Godot Game Engine Awarded $250k USD Grant From Epic Games

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Godot is a free MIT-licensed multiplatform game engine for 2D and 3D games. The Godot developers have been awarded a $250000 "MegaGrant" from Epic Games which will be used to improve the engines graphics and the engines built-in GDScript development language. Vulkan support, which is in the works for Godot 4.0, was not mentioned in the grant application.

written by 윤채경 (Yoon Chae-kyung). published 2020-02-05last edited 2020-02-05

School-years.jpg
The game "School Years" which was made using the Godot game engine.

Epic Games has a MegaGrant program with a $100 million pot which will be handed out to

"support game developers, enterprise professionals, media and entertainment creators, students, educators, and tool developers doing amazing things with Unreal Engine or enhancing open-source capabilities for the 3D graphics community."

The Godot game engine developers applied for a Megagrant for the purpose of

"improving graphics rendering as well as our built-in- game development language, GDScript."

The Godot project announced that they got awarded a $250000 grant on February 3rd.

Most of the Epic Megagrants are tied to Epic Games's Unreal Engine. The grant Godot got is not, the Godot developers are free to spend it all on their competing free software game engine. The Godot developers note that "We are still discussing how the budget will be used and allocated" in their announcement.

Adding Vulkan support to Godot is one area which could get some funding using this grant. Vulkan support is in the works for Godot 4. Godot 3 is limited to OpenGL ES 2 and 3, there is no Vulkan support in the current version.

The Godot game engine is quite popular. Their game showcase has a lot of games listed. Most of them are, sadly, not free software even though the Godot engine is. Many of the cheaper ($1-$5) games with native Linux support on Steam are made using Godot. The improvements to the Godot engine this rather large grant secures will translates to more high-quality, mostly non-free, native Linux games.

You can get the game engine source code from github.com/godotengine/godot and study the comprehensive documentation if you are interested in making a game using the Godot game engine.



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Anonymous user #1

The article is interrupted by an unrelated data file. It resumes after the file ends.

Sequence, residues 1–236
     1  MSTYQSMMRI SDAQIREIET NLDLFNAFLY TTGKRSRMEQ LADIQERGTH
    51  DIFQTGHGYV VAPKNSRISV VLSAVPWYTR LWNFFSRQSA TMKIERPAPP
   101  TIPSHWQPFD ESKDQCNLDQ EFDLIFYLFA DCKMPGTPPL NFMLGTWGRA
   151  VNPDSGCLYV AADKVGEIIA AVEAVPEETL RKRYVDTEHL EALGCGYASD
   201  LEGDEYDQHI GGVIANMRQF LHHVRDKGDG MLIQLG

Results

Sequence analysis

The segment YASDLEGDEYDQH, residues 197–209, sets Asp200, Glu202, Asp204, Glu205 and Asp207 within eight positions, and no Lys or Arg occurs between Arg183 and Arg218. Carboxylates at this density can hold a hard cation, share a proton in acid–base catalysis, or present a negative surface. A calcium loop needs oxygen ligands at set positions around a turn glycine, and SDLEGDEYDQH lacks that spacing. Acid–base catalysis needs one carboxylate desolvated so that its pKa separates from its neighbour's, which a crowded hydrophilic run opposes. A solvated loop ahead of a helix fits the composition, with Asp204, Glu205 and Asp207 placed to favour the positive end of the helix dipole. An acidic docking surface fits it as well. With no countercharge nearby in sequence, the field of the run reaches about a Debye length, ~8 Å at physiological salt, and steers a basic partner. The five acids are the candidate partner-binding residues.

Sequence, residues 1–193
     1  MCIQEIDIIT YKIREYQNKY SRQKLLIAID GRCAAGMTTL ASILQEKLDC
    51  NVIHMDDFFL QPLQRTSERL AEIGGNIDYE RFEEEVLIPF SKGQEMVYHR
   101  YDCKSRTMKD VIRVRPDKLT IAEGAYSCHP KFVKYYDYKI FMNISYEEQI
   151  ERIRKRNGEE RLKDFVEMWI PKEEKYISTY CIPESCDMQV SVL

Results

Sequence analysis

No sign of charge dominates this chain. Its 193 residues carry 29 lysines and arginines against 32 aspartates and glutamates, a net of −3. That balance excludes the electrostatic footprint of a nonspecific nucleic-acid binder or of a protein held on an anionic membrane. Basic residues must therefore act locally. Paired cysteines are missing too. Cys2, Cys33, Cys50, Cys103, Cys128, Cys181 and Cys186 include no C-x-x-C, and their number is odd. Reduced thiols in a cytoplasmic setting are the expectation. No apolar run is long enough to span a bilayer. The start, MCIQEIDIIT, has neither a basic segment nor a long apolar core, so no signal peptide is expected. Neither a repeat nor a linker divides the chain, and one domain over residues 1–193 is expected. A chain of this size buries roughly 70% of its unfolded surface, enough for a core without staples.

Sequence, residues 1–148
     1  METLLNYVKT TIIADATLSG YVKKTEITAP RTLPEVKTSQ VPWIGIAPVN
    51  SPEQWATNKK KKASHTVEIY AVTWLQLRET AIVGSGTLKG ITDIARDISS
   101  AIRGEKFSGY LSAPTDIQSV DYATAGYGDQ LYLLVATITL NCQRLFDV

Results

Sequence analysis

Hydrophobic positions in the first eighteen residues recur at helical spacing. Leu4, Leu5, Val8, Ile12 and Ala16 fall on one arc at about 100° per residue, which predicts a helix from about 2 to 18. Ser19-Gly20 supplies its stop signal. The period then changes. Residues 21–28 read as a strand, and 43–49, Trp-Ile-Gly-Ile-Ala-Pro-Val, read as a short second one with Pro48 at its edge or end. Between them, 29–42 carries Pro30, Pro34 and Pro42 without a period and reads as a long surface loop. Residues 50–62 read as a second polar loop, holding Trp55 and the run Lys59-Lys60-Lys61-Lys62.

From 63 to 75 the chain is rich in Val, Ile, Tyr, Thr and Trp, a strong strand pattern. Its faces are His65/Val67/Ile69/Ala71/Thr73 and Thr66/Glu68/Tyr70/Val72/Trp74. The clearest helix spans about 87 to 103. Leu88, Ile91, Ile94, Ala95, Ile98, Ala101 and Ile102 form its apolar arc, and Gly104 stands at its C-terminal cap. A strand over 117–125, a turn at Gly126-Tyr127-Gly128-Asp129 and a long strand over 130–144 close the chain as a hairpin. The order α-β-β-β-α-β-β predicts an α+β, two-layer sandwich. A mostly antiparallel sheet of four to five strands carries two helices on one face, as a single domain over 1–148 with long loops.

13 days ago
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The post mentions ... "Most of them are, sadly, not free software even though the Godot engine is.". Why be sad, people (e.g. developers like myself) need to figure out a way to generate an income so they can live and it is much harder (but more interesting) to do this when trying to be an independent ("indie") or consultant-based software developer. The much more important theme is that the Godot Engine has a developer-friendly open source licence model. It is a vibrant/interesting project which would implicitly encourage, at least for me, developers to send bug-reports upstream to the core engine developers. The "magic" is there for someone (or people) to embark on their dreams ....

FYI, I am currently evaluating Godot for my potential needs.


OrphicGundam
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Yuri

10 days ago
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Free software ensures that end-users are free to study the program, make modifications and run it as they wish. Proprietary software places chains on users. Free software is always better than non-free software from a end user perspective. However, I fully understand that independent software developers need to eat, pay the electricity bill, buy hardware to use for development and so on.

You could giving away your product as well as the source code and hope for donations and some do. Most don't for good reason, it is highly unlikely that you would be able to support your family that way. If you have to sell your games to make ends meet then that's what you got to do.
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